SICP 1.2 - Procedures and the Processes They Generate, Part 1

Covering the SICP material from sections 1.2.1 through 1.2.2 and Exercises 1.9 and 1.10

Read the chapter here

In writing this, I wound up going on a bit of a sidequest in figuring out how to get my Ulysses and Ghost integration to work how I wanted them to. You may enjoy reading about that.

Notes

1.2.1 - Linear Recursion and Iteration

This section talks about ways of computing factorials. It gives this as the factorial function:

$n! = n ⋅ (n - 1) ⋅ (n - 2) ⋯ 3 ⋅ 2 ⋅ 1 $

It then gives this as a way of computing factorials:

$ n! = n ⋅ [(n - 1) ⋅ (n - 2) ⋯ 3 ⋅ 2 ⋅ 1] = n ⋅ (n - 1)!$

It translates this method of computing into a function:

(define (factorial n)
  (if (= n 1) 
      1 
      (* n (factorial (- n 1)))))

I find this straightforward so I won't belabor it.

It then introduces an alternative, iterative approach to computing a factorial, that involves keeping a running product and using a counter. Basically, you multiply the running product by the counter, and then increment the counter, until the counter exceeds the value of the factorial you're seeking, at which point you return the product.

(define (factorial n) 
  (fact-iter 1 1 n))

(define (fact-iter product counter max-count)
  (if (> counter max-count)
      product
      (fact-iter (* counter product)
                 (+ counter 1)
                 max-count)))

Here are these two factorial computation methods in graphical form:

The recursive process depicted in Figure 1.3 builds up a chain of deferred operations that the interpreter has to keep track of. There's no chain of deferred operations in the iterative Figure 1.4 version. We just need to keep track of the product, counter, and max-count values. The book says that with the iterative version, you could theoretically stop the computation and restart it just with those values - they provide a description of the state of the process at any given point. They're all the info you need. But with the recursive process, there's some hidden info behind the scenes that is not encapsulated by the program's variables.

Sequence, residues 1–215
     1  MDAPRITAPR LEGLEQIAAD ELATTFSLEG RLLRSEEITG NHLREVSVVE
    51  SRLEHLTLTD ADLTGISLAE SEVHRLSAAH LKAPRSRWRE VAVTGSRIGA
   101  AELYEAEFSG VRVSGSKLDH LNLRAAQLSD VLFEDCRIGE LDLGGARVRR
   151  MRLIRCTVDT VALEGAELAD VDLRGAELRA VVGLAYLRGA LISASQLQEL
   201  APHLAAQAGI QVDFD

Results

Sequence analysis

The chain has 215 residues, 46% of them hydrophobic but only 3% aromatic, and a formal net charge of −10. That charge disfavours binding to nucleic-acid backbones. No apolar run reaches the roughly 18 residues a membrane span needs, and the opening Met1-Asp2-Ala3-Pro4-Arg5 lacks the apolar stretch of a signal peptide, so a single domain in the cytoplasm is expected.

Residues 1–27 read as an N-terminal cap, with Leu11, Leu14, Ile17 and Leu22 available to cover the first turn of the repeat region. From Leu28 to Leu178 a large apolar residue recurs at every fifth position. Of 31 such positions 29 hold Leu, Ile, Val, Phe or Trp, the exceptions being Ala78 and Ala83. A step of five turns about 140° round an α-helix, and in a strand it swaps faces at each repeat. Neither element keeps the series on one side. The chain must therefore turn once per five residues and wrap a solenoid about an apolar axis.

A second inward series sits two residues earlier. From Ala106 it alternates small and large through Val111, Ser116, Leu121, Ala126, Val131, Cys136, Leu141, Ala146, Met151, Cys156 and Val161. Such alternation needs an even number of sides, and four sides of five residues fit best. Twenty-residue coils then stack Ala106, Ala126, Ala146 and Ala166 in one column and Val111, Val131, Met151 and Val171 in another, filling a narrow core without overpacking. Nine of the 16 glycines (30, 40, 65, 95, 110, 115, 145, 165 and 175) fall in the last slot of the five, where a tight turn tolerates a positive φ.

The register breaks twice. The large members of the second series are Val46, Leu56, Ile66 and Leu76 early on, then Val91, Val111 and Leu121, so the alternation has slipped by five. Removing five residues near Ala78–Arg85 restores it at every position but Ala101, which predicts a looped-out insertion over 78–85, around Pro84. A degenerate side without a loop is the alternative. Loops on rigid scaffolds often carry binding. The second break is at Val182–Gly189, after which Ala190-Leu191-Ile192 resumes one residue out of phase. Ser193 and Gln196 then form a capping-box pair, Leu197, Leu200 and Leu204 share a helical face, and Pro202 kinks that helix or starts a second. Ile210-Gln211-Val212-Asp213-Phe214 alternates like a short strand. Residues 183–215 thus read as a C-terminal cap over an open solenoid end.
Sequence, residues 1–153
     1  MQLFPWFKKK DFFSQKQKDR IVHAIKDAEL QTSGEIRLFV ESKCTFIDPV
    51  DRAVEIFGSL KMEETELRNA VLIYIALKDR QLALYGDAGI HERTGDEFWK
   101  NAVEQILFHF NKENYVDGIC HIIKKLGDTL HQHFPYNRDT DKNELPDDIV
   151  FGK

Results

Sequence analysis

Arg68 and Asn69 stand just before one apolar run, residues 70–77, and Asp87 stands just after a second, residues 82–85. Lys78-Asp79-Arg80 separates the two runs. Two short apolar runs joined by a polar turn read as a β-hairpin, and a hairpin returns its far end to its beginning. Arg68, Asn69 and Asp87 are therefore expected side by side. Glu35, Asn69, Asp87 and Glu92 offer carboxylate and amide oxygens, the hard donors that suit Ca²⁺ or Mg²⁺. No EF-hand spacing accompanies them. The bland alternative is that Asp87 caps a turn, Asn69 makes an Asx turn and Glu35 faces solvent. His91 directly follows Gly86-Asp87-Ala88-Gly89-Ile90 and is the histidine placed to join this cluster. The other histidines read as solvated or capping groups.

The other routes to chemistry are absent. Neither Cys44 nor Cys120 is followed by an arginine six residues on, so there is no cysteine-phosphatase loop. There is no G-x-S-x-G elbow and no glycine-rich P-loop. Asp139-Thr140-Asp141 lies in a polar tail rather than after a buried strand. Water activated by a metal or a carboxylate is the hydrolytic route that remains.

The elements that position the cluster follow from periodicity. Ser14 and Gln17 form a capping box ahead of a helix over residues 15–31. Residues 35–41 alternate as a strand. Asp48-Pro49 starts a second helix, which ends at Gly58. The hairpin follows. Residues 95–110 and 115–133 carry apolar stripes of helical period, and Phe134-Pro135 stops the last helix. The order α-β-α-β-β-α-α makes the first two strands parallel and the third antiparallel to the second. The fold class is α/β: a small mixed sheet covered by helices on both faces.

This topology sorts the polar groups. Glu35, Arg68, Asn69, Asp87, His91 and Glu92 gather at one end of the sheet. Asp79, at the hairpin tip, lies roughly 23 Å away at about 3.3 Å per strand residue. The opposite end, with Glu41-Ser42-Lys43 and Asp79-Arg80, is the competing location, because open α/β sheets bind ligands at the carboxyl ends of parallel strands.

SICP then makes a point which I initially found confusing but understood after some thought:

In contrasting iteration and recursion, we must be careful not to confuse the notion of a recursive process with the notion of a recursive procedure. When we describe a procedure as recursive, we are referring to the syntactic fact that the procedure definition refers (either directly or indirectly) to the procedure itself. But when we describe a process as following a pattern that is, say, linearly recursive, we are speaking about how the process evolves, not about the syntax of how a procedure is written. It may seem disturbing that we refer to a recursive procedure such as fact-iter as generating an iterative process. However, the process really is iterative: Its state is captured completely by its three state variables, and an interpreter need keep track of only three variables in order to execute the process.

So basically, fact-iter calls itself, so it's recursive as a matter of what the literal code says. However, it doesn't build up that chain of deferred operations that "percolates" back up when arriving at the base case. It's recursive in literal fact but not recursive in its shape, in how it fundamentally works. The point is a bit abstract but I think I get it.